A third factor was discovered in surveys designed to test the population’s possible response to family planning that were conducted in the late sixties. This was a “latent demand” for smaller families which could not be filled owing to lack of knowledge of and access to effective methods.

A final decisive factor was the national government’s durable commitment to a comprehensive program that systematically provided information and contraceptives, especially to the poor and in rural areas. While NGOs, such as Meechai’s Population and Community Development Association (PDA), were important in educating rural Thais on the different methods of family planning, it was the government that provided access to contraceptives in the grassroots.

In short, what appeared to have happened was something like the following:  Without significant cultural obstacles, a latent demand for family planning caused by, among other things, an increasing awareness of the negative consequences of large families at a time of rapid economic change translated into a widespread acceptance of the government’s family planning program.  This was the synergy that accounted for the decline in fertility from 3 per cent in 1970 to 2.2 per cent by 1984 – “a 30 per cent decline in 14 years, which is one of the most significant declines ever observed in any developing country,” according to Nibhon.

What this rapid decline in the population growth rate and fertility meant was that demographically, Thailand was well positioned when Japanese capital flowed into the country during the “Golden Age” of economic growth from 1985 to 1995.  Instead of the fruits of economic growth being eaten up by the need to feed larger and larger families, the “reproductive revolution” led to smaller families, triggered a higher savings and investment rate, and enabled the government to divert more and more funds from expanding primary education facilities to investing more in high school and college education to improve the quality of the work force.  Thailand grew by sizzling 8 to 10 per cent per annum from 1985 to 1995, earning it the sobriquet of Asia’s “fifth tiger,” after South Korea, Taiwan, Hong Kong, and Singapore.  Meanwhile, the Philippines posted a one per cent annual GDP growth rate, with its takeoff aborted by the high 2.5 per cent population growth rate during that period.

Success in the anti-HIV-AIDS front

Alongside the success in family planning and poverty reduction, Thailand also registered advances in curbing the HIV-AIDs epidemic, which posed a grave threat to reproductive and sexual health beginning in the early 1980’s. The lowly condom, derided as a contraceptive, became the key weapon in the government campaign to contain AIDS.  Meechai, who had played a key role in family planning, also took a high profile role in promoting the condom to stop the spread of AIDS, taking his campaign so aggressively to sex workers that the condom came to be known as “meechai” in Thailand. Civil society groups and the government promoted the “100-Per-Cent-Condom-Use-Campaign,” which a Ministry of Public Health publication described as aiming “to empower sex workers to refuse sex service when customers did not agree to use a condom.  No condom, no sex.”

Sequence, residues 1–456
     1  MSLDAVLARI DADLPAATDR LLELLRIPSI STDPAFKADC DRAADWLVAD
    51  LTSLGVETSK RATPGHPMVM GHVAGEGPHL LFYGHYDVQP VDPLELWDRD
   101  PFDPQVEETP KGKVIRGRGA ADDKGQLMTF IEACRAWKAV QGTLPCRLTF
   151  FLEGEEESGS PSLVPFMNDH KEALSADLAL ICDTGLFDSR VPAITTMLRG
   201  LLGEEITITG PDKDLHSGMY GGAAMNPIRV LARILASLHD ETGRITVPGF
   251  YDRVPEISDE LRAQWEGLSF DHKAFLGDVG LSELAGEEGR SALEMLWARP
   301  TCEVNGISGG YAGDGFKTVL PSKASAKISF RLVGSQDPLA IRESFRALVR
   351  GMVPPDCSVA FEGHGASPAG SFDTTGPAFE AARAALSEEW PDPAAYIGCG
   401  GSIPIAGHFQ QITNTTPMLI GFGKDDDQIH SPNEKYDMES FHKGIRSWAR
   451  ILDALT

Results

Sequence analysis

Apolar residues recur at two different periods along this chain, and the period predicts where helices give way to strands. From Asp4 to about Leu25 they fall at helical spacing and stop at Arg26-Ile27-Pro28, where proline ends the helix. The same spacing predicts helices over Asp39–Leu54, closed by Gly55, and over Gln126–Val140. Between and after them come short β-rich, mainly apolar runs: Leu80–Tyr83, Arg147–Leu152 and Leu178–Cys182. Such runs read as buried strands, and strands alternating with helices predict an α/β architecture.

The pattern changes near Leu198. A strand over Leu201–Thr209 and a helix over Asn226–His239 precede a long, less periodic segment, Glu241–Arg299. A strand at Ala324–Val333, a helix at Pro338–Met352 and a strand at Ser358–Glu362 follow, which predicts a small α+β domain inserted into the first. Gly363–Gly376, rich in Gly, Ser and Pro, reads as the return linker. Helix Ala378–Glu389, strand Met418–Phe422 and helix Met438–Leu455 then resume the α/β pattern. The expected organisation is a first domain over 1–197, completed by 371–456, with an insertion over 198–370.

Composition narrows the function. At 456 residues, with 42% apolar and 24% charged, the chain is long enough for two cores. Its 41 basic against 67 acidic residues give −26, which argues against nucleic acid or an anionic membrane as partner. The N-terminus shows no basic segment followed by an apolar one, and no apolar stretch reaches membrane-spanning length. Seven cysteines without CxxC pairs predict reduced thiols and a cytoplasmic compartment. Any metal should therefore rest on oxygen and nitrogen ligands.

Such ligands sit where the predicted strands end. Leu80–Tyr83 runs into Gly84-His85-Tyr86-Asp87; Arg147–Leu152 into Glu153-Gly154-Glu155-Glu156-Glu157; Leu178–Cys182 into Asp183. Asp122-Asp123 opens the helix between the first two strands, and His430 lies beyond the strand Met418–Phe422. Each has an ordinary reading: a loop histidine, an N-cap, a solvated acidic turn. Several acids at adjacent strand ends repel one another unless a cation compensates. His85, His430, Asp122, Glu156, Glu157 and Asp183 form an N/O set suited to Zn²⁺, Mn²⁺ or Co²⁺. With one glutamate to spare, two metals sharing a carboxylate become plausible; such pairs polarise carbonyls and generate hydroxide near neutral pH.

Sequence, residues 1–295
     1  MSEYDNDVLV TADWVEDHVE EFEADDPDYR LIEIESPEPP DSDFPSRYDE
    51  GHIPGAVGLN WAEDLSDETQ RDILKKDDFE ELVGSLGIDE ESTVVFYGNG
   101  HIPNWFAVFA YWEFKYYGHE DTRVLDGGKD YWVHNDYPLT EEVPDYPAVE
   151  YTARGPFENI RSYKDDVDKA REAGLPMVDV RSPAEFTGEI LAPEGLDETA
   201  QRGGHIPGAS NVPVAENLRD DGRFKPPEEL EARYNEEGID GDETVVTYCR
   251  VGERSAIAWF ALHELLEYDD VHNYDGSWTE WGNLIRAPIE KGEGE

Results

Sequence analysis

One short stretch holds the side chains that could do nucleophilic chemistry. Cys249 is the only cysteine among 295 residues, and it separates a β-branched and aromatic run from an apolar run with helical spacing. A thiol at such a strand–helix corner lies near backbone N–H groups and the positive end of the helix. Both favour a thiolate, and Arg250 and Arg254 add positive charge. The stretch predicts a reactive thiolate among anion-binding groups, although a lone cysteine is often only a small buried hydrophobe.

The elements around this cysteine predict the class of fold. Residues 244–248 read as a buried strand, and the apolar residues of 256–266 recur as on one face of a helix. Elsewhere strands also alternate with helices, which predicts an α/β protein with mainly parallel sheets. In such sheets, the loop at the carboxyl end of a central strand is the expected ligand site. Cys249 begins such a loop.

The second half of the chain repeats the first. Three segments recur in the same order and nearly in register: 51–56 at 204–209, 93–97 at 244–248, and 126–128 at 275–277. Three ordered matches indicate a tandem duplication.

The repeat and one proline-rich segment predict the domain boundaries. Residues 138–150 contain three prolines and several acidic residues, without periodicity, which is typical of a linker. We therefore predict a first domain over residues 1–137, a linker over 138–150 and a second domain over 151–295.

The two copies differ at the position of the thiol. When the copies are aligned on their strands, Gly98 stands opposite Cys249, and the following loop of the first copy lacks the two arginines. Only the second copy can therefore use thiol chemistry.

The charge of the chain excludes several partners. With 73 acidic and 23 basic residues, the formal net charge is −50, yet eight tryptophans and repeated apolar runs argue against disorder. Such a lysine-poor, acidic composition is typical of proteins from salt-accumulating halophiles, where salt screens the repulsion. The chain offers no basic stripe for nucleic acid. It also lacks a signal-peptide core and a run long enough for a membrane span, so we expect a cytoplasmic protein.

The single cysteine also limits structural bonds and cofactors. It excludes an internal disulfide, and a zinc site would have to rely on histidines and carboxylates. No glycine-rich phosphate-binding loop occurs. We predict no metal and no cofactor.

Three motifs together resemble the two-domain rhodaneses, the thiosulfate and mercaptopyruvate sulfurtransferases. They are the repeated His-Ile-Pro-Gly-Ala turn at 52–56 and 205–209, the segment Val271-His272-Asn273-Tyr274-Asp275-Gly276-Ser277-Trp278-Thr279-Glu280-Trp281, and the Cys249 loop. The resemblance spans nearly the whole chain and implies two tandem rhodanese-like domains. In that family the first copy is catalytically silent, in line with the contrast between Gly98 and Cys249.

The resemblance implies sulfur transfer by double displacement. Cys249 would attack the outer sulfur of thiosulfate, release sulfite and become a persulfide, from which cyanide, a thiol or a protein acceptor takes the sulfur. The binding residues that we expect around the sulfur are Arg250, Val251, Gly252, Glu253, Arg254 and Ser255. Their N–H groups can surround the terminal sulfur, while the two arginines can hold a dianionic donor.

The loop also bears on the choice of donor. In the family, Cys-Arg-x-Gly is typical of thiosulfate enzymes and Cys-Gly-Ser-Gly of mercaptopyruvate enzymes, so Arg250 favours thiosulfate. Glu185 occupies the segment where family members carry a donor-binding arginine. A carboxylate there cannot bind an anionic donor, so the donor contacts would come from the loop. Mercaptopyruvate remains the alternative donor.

By all accounts, the campaign, which was initiated in 1991, has been a huge success. New HIV cases dropped from 150,000 in 1991 to less than 14,000 in 2008.  HIV prevalence among sex workers working out of brothels in Bangkok was 2.5 per cent.  As Meechai jokingly told me, “Our sex workers know they are in the frontline of the war against AIDS, and when they do battle, they put on their helmets. Our sex workers are very, very safe, though I am not recommending that you go out right now to find that out.”

Too successful?

This article would be remiss, however, if it did not mention that owing to the success of the government’s efforts to reduce fertility and people living longer, Thailand now has a higher proportion of elderly people in the population than a few years ago.  Few are alarmed by this prospect, however.  For with economic development, labor productivity has risen, meaning fewer workers are needed to produce the same output. With so many resources freed that would otherwise go to educating large numbers of children entering early education, more investments can be made to upgrade the quality of post-elementary education and the productivity of the working age population that is growing more slowly in absolute numbers.  Meanwhile, much manual and service work is rapidly being filled by migrant workers, especially from Burma, and this produces benefits for both Thai society and the migrants, who do not have decent-paying jobs in their countries of origin.